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REFERENCE LINKING PLATFORM OF KOREA S&T JOURNALS
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Journal of the Korean Geotechnical Society
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Journal DOI :
Korean Geotechical Society
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Volume & Issues
Volume 22, Issue 12 - Dec 2006
Volume 22, Issue 11 - Nov 2006
Volume 22, Issue 10 - Oct 2006
Volume 22, Issue 9 - Sep 2006
Volume 22, Issue 8 - Aug 2006
Volume 22, Issue 7 - Jul 2006
Volume 22, Issue 6 - Jun 2006
Volume 22, Issue 5 - May 2006
Volume 22, Issue 4 - Apr 2006
Volume 22, Issue 3 - Mar 2006
Volume 22, Issue 2 - Feb 2006
Volume 22, Issue 1 - Jan 2006
Selecting the target year
Drained and Undrained Pullout Capacity in Steel Strip Reinforced Silty Sands
Lee Hong-Sung ;
Journal of the Korean Geotechnical Society, volume 22, issue 6, 2006, Pages 5~13
Effective stresses may decrease due to generation of excessive pore pressure at the interface between soil and reinforcement in undrained condition such as rapid drawdownof groundwater level, resulting in the decrease in pullout capacity of the reinforcement. In this research, a series of laboratory pullout tests have been performed on different materials (clean sand, 5, 10, 15 and 35% silty sand), different overburden pressures (30, 100 and 200 kPa), and different drainage conditions (drained and undrained) in order to compare drained pullout capacity with undrained pullout capacity. The test results show that both drained and undrained pullout capacity are influenced by silt contents and increase with the increase of friction angle of the soil. The pullout capacity and the pullout displacement required to reach the peak value also increase as the overburden pressure increases. In undrained condition, the effective stresses acting on the reinforcement decrease as excessive pore pressures are generated, resulting in the decrease in pullout capacity and pullout displacement.
A Study on Optimized Artificial Neural Network Model for the Prediction of Bearing Capacity of Driven Piles
Park Hyun-Il ; Seok Jeong-Woo ; Hwang Dae-Jin ; Cho Chun-Whan ;
Journal of the Korean Geotechnical Society, volume 22, issue 6, 2006, Pages 15~26
Although numerous investigations have been performed over the years to predict the behavior and bearing capacity of piles, the mechanisms are not yet entirely understood. The prediction of bearing capacity is a difficult task, because large numbers of factors affect the capacity and also have complex relationship one another. Therefore, it is extremely difficult to search the essential factors among many factors, which are related with ground condition, pile type, driving condition and others, and then appropriately consider complicated relationship among the searched factors. The present paper describes the application of Artificial Neural Network (ANN) in predicting the capacity including its components at the tip and along the shaft from dynamic load test of the driven piles. Firstly, the effect of each factor on the value of bearing capacity is investigated on the basis of sensitivity analysis using ANN modeling. Secondly, the authors use the design methodology composed of ANN and genetic algorithm (GA) to find optimal neural network model to predict the bearing capacity. The authors allow this methodology to find the appropriate combination of input parameters, the number of hidden units and the transfer structure among the input, the hidden and the out layers. The results of this study indicate that the neural network model serves as a reliable and simple predictive tool for the bearing capacity of driven piles.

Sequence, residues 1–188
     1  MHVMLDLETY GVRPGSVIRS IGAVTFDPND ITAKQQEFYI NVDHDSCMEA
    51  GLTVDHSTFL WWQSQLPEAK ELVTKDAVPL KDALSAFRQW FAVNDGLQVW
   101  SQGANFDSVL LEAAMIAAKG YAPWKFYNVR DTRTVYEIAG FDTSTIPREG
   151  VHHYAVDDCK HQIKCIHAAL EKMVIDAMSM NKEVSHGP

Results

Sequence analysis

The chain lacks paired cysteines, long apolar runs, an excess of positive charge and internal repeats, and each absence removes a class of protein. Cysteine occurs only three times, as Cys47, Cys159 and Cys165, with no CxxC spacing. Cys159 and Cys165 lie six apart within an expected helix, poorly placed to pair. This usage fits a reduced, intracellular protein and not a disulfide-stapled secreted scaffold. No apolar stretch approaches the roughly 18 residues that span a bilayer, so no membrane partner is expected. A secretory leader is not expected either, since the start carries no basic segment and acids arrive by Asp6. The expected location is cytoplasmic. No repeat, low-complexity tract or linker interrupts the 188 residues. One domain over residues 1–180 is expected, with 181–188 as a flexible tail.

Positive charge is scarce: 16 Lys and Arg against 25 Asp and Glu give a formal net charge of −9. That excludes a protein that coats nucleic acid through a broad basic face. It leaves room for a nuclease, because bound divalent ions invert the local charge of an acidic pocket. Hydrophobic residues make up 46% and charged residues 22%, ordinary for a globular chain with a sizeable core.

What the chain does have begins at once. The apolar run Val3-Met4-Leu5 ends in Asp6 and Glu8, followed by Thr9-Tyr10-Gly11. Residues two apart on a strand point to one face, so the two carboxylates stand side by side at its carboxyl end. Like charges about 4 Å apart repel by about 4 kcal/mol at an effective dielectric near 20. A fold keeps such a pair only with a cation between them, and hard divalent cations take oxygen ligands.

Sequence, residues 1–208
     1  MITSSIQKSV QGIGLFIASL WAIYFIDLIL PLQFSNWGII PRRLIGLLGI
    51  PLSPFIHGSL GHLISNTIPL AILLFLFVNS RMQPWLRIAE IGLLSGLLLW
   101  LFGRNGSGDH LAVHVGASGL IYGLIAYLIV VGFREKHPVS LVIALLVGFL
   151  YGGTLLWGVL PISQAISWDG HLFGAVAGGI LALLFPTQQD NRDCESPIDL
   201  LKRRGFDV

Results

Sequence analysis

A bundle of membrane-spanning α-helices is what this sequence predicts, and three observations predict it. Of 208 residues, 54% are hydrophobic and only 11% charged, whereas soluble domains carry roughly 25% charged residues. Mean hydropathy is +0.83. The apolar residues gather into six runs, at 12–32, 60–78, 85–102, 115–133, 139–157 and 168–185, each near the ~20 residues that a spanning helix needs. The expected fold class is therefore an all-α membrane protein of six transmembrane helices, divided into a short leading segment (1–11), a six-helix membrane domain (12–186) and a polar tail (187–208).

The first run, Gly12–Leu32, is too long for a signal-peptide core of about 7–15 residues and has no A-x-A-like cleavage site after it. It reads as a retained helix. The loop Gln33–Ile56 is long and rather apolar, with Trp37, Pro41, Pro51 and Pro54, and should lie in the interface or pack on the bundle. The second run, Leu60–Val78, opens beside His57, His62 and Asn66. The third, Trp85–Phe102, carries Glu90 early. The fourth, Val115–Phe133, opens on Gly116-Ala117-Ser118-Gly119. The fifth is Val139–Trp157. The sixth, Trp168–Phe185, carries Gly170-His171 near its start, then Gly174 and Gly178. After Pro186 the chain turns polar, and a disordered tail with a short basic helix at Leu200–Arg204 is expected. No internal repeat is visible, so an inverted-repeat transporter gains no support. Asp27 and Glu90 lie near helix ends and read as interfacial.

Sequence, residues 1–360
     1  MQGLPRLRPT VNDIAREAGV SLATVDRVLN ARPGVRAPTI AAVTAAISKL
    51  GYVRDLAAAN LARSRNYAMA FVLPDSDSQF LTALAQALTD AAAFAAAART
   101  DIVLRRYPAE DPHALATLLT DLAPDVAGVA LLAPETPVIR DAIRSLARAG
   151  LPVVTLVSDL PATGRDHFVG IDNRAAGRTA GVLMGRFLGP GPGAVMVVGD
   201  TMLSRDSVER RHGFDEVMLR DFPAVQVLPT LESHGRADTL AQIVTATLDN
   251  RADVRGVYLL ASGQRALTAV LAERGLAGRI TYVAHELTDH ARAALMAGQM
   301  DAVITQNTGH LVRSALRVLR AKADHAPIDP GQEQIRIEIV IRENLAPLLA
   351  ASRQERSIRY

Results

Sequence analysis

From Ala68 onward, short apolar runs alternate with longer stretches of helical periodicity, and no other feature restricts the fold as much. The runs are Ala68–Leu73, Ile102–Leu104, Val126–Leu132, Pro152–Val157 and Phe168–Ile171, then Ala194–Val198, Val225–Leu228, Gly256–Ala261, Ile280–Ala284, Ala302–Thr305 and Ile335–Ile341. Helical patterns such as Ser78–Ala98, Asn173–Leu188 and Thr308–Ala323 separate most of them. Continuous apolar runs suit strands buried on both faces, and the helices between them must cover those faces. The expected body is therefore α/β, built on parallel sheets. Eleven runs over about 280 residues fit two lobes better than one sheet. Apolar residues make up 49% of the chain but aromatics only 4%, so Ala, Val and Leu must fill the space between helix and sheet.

Variation of Earth Pressure Acting on Cut-and-Cover Tunnel Lining with Settlement of Backfill
Bautista F.E. ; Park Lee-Keun ; Im Jong-Chul ; Lee Young-Nam ;
Journal of the Korean Geotechnical Society, volume 22, issue 6, 2006, Pages 27~40
Damage of cut-and-cover tunnel lining can be attributed to physical and mechanical factors. Physical factors include material property, reinforcement corrosion, etc. while mechanical factors include underground water pressure, vehicle loads, etc. This study is limited to the modeling of rigid circular cut and cover tunnel constructed at a depth of
in loose sandy ground and subjected to a vibration frequency of 100 Hz. In this study, only damages due to mechanical factors in the form of additional loads were considered. Among the different types of additional, excessive earth pressure acting on the cut-and-cover tunnel lining is considered as one of the major factors that induce deformation and damage of tunnels after the construction is completed. Excessive earth pressure may be attributed to insufficient compaction, consolidation due to self-weight of backfill soil, precipitation and vibration caused by traffic. Laboratory tunnel model tests were performed in order to determine the earth pressure acting on the tunnel lining and to investigate the applicability of existing earth pressure formulas. Based on the difference in the monitored and computed earth pressure, a factor of safety was recommended. Soil deformation mechanism around the tunnel was also presented using the picture analysis method.